Macon County quilting enthusiasts are making final preparations for a new festival debuting in Franklin this weekend that will showcase the art and artistry of quilting. As part of the first annual “Airing of the Quilts,” downtown merchants and homeowners will be “airing” their quilts on Saturday, May 7, by hanging the bright bursts of color on storefronts, porches and fences throughout Historic Downtown Franklin.
Mother’s Day weekend was intentionally chosen as the ideal weekend to hold the event. “We're honoring mothers and grandmothers and the tradition of quilting,” said Deb Heatherly, chairman of the Macon County Quilt Trails and owner of Deb's Cats and Quilts.
Asked where the idea of an “airing” festival came from, she explained: “A long time ago, bed linens and things weren't washed during the winter. When spring cleaning came, you had to air everything out – clean the windows, sweep out the house and air your bed linen. That's where the term ‘airing of the quilts’ came from.”
Franklin won’t be the first town to host such a event. The biggest Airing of the Quilts festival takes place every year in Sisters, Oregon. That festival celebrated its 35th anniversary this year, drawing more than 26,000 quilting enthusiasts.
“A lot of communities have taken on the same idea after that tradition,” said Heatherly, “but we thought that having it on Mother's Day weekend really paid tribute to mothers and grandmothers who came before us, taught us how to do these things and passed on the addiction!”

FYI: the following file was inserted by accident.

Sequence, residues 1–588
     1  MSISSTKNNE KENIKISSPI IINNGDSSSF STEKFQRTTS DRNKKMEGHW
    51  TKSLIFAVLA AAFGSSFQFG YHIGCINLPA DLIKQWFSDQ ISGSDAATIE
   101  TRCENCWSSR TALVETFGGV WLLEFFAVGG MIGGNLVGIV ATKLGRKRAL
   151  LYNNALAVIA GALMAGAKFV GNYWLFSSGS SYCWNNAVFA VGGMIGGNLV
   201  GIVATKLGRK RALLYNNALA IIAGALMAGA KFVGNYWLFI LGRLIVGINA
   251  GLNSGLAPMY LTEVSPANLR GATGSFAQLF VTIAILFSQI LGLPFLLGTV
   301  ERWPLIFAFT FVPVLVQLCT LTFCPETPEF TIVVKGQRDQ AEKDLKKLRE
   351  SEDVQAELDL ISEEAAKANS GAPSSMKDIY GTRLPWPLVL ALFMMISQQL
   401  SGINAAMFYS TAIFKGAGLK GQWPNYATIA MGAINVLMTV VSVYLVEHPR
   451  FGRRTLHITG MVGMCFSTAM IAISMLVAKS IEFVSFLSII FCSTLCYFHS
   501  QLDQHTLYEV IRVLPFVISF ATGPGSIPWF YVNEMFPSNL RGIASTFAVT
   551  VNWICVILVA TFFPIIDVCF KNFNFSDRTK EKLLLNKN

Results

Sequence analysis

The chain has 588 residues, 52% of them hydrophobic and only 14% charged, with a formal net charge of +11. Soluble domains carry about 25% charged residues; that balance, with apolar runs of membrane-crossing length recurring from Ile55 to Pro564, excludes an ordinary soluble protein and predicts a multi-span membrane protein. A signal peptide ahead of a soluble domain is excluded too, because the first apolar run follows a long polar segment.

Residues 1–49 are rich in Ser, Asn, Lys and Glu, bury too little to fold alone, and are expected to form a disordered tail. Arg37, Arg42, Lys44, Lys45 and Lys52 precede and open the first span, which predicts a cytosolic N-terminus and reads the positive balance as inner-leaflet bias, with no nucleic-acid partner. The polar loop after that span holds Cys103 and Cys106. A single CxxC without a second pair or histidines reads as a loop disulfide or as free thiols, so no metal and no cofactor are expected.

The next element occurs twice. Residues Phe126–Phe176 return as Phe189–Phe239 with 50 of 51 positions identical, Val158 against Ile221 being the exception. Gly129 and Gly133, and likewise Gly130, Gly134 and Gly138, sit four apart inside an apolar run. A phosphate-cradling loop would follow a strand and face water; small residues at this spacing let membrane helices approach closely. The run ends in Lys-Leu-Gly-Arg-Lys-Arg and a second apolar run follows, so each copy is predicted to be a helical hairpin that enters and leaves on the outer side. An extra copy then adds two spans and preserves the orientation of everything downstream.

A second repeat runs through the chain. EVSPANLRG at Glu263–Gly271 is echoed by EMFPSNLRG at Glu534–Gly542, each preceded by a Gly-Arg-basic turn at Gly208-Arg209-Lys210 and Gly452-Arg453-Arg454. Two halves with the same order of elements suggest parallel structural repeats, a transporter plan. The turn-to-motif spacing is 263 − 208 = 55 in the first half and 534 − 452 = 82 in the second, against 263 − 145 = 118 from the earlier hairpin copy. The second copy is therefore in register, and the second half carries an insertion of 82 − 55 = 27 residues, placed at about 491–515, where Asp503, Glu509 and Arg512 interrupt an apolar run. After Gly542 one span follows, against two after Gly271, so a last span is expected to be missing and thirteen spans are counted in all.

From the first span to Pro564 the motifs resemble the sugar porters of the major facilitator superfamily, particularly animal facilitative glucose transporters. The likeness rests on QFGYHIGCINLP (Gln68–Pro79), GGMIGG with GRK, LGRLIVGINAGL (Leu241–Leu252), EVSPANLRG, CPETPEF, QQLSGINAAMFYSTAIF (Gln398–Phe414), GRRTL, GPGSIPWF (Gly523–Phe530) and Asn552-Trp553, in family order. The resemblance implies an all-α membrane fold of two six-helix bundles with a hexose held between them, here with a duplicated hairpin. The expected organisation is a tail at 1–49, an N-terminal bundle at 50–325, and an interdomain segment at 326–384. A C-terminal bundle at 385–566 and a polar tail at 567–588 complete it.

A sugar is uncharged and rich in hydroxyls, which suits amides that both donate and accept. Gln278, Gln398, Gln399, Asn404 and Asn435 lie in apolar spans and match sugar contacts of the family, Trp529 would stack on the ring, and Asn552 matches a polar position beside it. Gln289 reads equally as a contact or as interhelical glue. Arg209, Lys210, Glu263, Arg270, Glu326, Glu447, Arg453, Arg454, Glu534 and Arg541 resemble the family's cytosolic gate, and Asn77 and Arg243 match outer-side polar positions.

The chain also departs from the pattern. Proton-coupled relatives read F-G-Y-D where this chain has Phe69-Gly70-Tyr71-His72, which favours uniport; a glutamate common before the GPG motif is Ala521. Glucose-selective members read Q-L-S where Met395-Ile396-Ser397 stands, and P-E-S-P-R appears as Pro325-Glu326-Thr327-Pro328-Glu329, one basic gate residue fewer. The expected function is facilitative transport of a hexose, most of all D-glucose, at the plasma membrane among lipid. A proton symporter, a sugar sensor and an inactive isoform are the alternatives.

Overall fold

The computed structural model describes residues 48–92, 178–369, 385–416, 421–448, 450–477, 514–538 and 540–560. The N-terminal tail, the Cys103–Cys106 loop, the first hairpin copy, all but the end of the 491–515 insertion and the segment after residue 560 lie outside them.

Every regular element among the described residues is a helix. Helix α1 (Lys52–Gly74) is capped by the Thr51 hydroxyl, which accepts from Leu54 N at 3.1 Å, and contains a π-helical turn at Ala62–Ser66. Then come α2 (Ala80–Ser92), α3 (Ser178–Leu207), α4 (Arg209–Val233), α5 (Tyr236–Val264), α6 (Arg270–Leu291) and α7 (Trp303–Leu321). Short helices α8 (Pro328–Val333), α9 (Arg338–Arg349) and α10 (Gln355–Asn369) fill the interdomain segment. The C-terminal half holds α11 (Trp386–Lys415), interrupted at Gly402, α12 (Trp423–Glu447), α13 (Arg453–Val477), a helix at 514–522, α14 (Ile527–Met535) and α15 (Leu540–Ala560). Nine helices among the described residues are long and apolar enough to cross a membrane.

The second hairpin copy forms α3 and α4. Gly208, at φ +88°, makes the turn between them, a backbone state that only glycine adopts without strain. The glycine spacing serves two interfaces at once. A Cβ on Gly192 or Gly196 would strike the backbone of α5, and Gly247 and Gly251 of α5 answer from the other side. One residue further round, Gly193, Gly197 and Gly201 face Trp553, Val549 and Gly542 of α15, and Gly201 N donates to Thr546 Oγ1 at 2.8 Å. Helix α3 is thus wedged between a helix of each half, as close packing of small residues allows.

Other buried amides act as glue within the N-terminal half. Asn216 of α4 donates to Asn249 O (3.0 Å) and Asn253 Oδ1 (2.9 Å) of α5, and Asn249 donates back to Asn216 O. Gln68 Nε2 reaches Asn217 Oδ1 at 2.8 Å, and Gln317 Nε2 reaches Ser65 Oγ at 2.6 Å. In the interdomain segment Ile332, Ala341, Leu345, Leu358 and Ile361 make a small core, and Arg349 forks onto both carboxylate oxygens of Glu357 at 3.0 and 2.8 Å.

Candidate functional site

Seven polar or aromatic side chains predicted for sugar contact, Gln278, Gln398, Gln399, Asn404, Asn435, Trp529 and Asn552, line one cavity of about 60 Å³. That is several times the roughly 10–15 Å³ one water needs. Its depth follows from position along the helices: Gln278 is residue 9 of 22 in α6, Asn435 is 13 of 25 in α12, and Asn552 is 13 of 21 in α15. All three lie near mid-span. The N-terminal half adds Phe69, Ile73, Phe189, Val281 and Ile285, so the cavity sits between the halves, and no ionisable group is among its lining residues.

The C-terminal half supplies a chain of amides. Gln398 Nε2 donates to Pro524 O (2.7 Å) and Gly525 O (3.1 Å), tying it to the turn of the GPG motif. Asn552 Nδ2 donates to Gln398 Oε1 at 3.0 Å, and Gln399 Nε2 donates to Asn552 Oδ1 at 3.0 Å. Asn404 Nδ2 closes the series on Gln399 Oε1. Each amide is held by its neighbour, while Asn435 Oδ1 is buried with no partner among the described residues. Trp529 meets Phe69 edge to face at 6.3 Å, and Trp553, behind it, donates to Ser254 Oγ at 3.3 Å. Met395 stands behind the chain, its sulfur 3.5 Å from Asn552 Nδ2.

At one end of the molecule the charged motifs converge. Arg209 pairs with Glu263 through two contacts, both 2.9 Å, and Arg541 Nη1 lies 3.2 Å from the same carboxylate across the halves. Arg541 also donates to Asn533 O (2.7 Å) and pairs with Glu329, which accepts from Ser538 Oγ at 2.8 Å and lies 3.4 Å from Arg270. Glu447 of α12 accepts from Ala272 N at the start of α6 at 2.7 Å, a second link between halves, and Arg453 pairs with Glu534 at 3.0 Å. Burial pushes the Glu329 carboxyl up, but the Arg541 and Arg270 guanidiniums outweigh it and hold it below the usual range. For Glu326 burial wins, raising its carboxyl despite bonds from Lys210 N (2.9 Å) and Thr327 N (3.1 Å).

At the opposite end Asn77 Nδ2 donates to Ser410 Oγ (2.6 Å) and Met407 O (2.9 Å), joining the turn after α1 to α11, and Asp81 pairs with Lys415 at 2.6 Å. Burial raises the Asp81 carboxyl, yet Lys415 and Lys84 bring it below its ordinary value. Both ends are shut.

Heatherly explains quilting has long been an engrained tradition in Macon County as well as a big industry for the region. In 1980, then-Governor Jim Hunt signed a proclamation declaring Franklin, N.C., as the “Quilting Capital of the World,” due largely to the activities of the now defunct Maco Crafts.
The Macon County Quilt Trail, which was founded two years ago, has been looking to establish an event that would draw people and encourage them to follow the trail of “quilt blocks” at locations around the county. The organization used grants from the Franklin/Nantahala Tourism Development Commission and the Franklin Tourism Development Authority to get the ball rolling on the event this year.
The Historic Downtown Franklin area will be the focus of the event. Besides the merchants and homeowners who are planning to participate, an antique fire truck will be decorated by the courthouse. At the Clocktower, there will be a Quilt Trail booth set up with information for visitors. Non-profit organizations will set up booths with information, many selling raffle tickets, cookbooks and other items to raise funds.
The Smoky Mountian Quilters Guild will decorate Rankin Square for the festival with some of the more than 200 children’s quilts which the guild makes every year and donates to Head Start. Quilting racks will also be set up with guild members demonstrating various techniques and styles of quilting.
The raffle for this year’s “Opportunity Quilt” will begin on the day of the festival. An Opportunity Quilt, designed and quilted by members of the guild, is raffled off every year, with funds going in part to scholarships for the New Century Scholars program. The guild has provided more than $30,000 in scholarships over the years.
Nancilee Dills, Community Events Coordinator for the guild, says many quilters in the region are excited about the Airing of the Quilts and the attention it will bring to quilting in the region.
Besides the downtown attractions, Rickman’s Store in the Cowee community, which has timed its seasonal opening for this weekend, will also participate in the airing. Pleasant Hill Baptist Church in Cowee will be hosting quilting demonstrations and serving refreshments.
“We just hope people will come out and enjoy looking at the quilts, new and old, all through downtown and around the county,” Heatherly said.